When SOI substrates are employed, those substrates include top and bottom semiconductor, e.g., Si, layers that are separated at least in part by a buried insulating layer. The buried insulating layer includes, for example, a crystalline or non-crystalline oxide, nitride or any combination thereof. Preferably, the buried insulating layer is an oxide. Typically, the buried insulating layer is formed during initial stages of a layer transfer process or during an ion implantation and annealing process, such as, for example, SIMOX (separation by ion implantation of oxygen).

The first semiconductor substrate 12 may have a single crystal orientation or alternatively hybrid semiconductor substrates having surface regions of different crystal orientations can also be employed. The hybrid substrate allows for fabricating a device upon a specific crystal orientation that enhances the performance of the specific device formed. For example, the hybrid substrate allows for providing a structure in which a pFET can be formed on a (110) crystal orientation, while the nFET can be formed on a (100) crystal orientation. When a hybrid substrate is used, it may have SOI-like properties, bulk-like properties or a combination of SOI- and bulk-like properties.

The first dielectric material 14 is comprised of an oxide, oxynitride, nitride or multilayers thereof. In one embodiment of the present invention, the first dielectric material 14 is comprised of an oxide such as, for example, SiO2. The first dielectric material 14 is formed by a conventional deposition process such as, for example, chemical vapor deposition (CVD), plasma enhanced chemical vapor deposition (PECVD), atomic layer deposition (ALD), evaporation, chemical solution deposition and other like deposition techniques. Alternatively, the first dielectric material 14 may be formed by a thermal process such as, for example, oxidation, nitridation or a combination thereof.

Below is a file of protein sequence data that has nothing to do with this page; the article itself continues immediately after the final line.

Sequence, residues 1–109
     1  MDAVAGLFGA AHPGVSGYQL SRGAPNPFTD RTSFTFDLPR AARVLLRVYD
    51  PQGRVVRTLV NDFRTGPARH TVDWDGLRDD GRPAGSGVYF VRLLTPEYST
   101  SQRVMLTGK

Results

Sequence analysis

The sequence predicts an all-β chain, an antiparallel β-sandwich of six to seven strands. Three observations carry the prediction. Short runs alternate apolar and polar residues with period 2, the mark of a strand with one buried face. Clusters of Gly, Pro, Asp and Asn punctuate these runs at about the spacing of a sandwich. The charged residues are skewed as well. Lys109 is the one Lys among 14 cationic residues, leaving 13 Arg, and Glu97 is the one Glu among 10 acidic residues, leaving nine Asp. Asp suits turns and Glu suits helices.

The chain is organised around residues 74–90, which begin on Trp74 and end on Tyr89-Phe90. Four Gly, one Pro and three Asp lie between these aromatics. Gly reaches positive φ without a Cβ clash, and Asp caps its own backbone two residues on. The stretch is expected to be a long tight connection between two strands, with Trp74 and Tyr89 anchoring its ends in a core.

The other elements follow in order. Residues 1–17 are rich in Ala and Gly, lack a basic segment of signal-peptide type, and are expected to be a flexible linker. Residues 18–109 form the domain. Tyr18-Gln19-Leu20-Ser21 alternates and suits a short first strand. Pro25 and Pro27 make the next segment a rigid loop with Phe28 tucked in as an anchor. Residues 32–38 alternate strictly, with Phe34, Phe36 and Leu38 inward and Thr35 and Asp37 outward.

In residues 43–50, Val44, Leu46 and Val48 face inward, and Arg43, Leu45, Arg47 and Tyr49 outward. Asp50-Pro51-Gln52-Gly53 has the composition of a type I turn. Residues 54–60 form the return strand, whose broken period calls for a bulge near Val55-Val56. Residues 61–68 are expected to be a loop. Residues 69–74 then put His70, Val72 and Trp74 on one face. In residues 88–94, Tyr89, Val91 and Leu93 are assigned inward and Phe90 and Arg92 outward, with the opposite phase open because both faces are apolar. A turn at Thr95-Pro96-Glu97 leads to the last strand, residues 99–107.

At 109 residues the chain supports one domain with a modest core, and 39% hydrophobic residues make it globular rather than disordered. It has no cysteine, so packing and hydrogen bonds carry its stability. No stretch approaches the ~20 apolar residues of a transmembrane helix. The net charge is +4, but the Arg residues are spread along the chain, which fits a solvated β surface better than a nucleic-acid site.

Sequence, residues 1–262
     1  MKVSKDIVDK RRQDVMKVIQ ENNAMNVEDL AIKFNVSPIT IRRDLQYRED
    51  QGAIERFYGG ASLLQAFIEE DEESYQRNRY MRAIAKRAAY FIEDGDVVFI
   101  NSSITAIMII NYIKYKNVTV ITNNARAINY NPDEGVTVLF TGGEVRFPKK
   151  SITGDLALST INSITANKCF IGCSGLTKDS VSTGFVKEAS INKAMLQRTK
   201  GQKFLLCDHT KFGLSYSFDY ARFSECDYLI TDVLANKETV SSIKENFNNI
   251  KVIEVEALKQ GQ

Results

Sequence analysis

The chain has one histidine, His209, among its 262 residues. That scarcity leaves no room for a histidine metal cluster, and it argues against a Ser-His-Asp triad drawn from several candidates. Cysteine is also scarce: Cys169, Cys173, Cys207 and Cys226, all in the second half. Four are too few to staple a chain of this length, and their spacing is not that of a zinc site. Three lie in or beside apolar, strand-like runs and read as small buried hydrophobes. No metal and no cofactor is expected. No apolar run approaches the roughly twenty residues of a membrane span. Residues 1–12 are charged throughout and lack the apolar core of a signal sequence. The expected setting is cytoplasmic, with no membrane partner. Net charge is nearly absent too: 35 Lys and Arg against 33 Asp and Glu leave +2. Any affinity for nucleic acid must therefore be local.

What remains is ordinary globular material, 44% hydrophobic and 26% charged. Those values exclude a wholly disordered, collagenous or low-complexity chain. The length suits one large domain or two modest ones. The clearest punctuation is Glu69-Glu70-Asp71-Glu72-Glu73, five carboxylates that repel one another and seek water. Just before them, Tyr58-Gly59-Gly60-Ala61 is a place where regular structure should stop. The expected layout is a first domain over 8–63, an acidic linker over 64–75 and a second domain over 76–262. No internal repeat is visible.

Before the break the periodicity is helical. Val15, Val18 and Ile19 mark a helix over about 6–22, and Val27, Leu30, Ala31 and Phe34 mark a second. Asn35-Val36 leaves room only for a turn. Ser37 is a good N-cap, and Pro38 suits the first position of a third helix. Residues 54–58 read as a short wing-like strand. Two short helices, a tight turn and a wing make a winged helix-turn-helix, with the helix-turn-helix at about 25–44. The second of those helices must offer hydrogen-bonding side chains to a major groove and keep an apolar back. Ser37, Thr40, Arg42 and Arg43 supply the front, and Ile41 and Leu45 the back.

The thickness of the first dielectric material 14 may vary depending on the technique used in forming the same as well as the type of dielectric material used. Typically, the first dielectric material 14 has a thickness from about 100 to about 2000 nm, with a thickness from about 500 to about 1000 nm being more highly preferred.

A thermoplastic polyimide (hereinafter just “polyimide”) coating 16 is formed on top of the first dielectric material 14. The polyimide coating 16 is formed utilizing a conventional deposition process including, for example, CVD, PECVD, evaporation and spin-on coating. The polyimide coating 16 serves as an adhesive or bonding agent for attaching the device wafer 10 to the attachment wafer 20. The polyimide coating 16 typically has an as-deposited thickness from about 500 to about 10,000 nm, with a thickness from about 1000 to about 3000 nm being even more typical.

A thermoplastic polyimide is a preferred material employed in the present invention since it is malleable, can absorb stress and tends to have a coefficient thermal expansion (CTE) that is greater than the CTE of the semiconductor substrates employed in the present application.